A version of this article appeared in 2017.
There are many good pieces of detective fiction out there. You read the book, you watch the movie, and it’s a good time.
Then there are stories that are a cut above. You read the book, and you want to watch the adaptations or vice versa. The story’s so enchanting, the characters so compelling, and the themes so powerful that you just can’t get enough of it.
One such story for me is Agatha Christie’s Death on the Nile. I watched the two filmed adaptations, I listened to the audio drama by the BBC, and then I read the book.
Knowing the ending and who did it didn’t “spoil the novel,” it allowed me to read it in a different way. Rather than focusing on whodunit, I could look for the subtle hints in structure and plot that pointed to the murder, and enjoy the atmosphere and find the themes that really make the book a masterpiece by the mistress of the genre, Agatha Christie.
Fair warning: I will be discussing the ending, so if you don’t know how it ends, I would recommend not reading any further until you’ve experienced the story. If you don’t want to read the novel, I’d recommend checking out the BBC Radio 4 version for accuracy, or, for pure entertainment value, the 1978 film version with Peter Ustinov is a delight.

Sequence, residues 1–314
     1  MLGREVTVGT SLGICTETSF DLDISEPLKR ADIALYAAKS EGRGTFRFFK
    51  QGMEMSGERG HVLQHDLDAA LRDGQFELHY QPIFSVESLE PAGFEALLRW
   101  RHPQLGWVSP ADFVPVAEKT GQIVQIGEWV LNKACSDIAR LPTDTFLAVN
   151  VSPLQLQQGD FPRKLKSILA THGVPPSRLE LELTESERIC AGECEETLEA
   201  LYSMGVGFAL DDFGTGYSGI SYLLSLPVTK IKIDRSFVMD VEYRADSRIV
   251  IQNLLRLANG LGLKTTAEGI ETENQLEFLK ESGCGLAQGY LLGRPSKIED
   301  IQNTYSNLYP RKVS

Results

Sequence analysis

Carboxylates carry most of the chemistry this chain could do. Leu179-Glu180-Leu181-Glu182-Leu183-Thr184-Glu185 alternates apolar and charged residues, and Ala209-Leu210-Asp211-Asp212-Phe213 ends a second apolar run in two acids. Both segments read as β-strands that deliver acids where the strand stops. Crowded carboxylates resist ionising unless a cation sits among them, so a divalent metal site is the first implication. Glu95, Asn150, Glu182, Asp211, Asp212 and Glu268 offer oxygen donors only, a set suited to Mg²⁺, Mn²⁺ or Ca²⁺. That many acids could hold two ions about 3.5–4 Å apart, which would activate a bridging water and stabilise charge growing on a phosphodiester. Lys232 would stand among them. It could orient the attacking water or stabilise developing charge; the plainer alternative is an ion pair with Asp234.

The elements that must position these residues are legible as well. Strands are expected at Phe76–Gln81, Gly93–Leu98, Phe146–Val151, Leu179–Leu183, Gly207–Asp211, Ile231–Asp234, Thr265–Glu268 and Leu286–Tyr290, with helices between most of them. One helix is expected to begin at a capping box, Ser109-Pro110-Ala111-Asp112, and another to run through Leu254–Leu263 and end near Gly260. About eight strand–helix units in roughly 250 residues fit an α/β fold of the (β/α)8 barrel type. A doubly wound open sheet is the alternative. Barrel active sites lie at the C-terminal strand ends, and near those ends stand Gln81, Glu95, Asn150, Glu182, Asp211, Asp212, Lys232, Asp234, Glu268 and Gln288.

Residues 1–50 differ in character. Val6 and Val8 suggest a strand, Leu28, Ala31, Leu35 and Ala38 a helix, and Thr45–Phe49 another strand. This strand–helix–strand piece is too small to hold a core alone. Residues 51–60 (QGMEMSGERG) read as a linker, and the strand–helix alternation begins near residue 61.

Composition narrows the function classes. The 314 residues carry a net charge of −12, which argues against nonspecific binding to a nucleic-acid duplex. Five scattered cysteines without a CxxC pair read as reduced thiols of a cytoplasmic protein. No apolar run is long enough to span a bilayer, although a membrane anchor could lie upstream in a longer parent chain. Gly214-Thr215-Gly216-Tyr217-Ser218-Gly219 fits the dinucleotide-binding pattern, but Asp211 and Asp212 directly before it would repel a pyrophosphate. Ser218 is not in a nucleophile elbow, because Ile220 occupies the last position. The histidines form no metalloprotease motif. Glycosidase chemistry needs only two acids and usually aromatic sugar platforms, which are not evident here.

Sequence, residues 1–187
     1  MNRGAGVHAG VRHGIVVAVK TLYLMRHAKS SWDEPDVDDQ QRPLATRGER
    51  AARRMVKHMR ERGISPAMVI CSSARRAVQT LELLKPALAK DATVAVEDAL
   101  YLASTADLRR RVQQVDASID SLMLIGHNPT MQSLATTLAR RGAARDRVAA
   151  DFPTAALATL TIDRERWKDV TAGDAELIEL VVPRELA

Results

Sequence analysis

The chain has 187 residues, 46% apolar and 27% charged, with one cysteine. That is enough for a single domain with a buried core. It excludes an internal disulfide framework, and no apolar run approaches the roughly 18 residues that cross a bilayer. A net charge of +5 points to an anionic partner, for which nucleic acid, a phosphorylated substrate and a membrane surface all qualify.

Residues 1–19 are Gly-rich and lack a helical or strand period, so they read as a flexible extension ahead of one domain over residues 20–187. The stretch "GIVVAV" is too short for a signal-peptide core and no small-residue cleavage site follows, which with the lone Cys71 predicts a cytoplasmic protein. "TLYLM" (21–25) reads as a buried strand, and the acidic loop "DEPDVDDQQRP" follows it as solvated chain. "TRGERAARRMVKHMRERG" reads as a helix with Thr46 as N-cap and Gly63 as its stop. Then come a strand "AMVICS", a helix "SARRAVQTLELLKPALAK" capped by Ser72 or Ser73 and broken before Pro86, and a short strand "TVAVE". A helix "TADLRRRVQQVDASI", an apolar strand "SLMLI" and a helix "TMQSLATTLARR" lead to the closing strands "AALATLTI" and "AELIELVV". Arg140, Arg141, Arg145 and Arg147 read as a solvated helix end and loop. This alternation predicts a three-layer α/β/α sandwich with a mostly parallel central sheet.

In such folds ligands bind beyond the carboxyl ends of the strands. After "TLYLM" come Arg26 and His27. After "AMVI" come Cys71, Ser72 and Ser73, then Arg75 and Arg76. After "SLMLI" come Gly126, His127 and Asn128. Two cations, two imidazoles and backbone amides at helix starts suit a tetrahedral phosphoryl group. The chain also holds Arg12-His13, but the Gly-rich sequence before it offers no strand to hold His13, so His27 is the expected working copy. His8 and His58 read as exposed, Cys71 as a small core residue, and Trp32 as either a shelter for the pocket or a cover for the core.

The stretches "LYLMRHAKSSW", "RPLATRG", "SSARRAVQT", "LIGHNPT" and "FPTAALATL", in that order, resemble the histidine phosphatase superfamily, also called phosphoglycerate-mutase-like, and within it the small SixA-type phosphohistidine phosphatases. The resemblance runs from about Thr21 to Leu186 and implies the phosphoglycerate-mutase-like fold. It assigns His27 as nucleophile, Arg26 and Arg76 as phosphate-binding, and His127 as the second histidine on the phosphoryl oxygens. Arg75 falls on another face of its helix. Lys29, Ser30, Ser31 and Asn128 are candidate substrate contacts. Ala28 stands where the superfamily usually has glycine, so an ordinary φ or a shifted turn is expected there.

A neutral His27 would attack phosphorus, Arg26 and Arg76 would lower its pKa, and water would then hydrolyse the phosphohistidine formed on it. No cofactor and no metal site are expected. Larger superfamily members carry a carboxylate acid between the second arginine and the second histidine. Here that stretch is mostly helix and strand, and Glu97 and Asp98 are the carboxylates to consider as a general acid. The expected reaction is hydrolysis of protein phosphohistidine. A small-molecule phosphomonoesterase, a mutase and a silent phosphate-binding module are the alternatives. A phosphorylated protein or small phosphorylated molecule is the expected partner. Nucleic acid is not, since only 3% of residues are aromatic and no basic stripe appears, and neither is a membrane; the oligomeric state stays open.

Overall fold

1) The mystery is brilliantly conceived and executed.
A detective novel can be more than a good mystery, but it also has to be a good mystery to be a good novel. Otherwise, it’s a bait-and-switch.
Death on Nile is definitely a brilliantly plotted story. There are plenty of clues, as well as red herrings. The actual solution is one that is easily missed because Poirot makes a statement that seems to rule out the actual solution. But both Poirot and the reader make a mistaken assumption of something we didn’t actually see.
The book can trick readers, but it still plays fair in doing so. The solution really only surprises the reader (and to a degree Poirot) because of an incorrect but understandable conclusion. It’s a wonderfully written chase.
2) Linnet Ridgeway Doyle is a complicated tragic character.
Every murder mystery requires a corpse. In some stories, that’s pretty much all the victim is. However, the main victim is Linnet Ridgeway Doyle – and later Doyle is far more than that.